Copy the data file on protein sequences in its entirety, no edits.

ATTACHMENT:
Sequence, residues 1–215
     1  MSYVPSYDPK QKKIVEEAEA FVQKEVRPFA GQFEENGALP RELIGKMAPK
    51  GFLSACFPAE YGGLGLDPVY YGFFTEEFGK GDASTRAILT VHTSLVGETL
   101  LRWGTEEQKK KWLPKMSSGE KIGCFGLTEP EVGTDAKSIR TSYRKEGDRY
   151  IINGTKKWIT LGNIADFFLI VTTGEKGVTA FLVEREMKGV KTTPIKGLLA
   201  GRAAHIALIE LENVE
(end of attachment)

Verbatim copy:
Sequence, residues 1–215
     1  MSYVPSYDPK QKKIVEEAEA FVQKEVRPFA GQFEENGALP RELIGKMAPK
    51  GFLSACFPAE YGGLGLDPVY YGFFTEEFGK GDASTRAILT VHTSLVGETL
   101  LRWGTEEQKK KWLPKMSSGE KIGCFGLTEP EVGTDAKSIR TSYRKEGDRY
   151  IINGTKKWIT LGNIADFFLI VTTGEKGVTA FLVEREMKGV KTTPIKGLLA
   201  GRAAHIALIE LENVE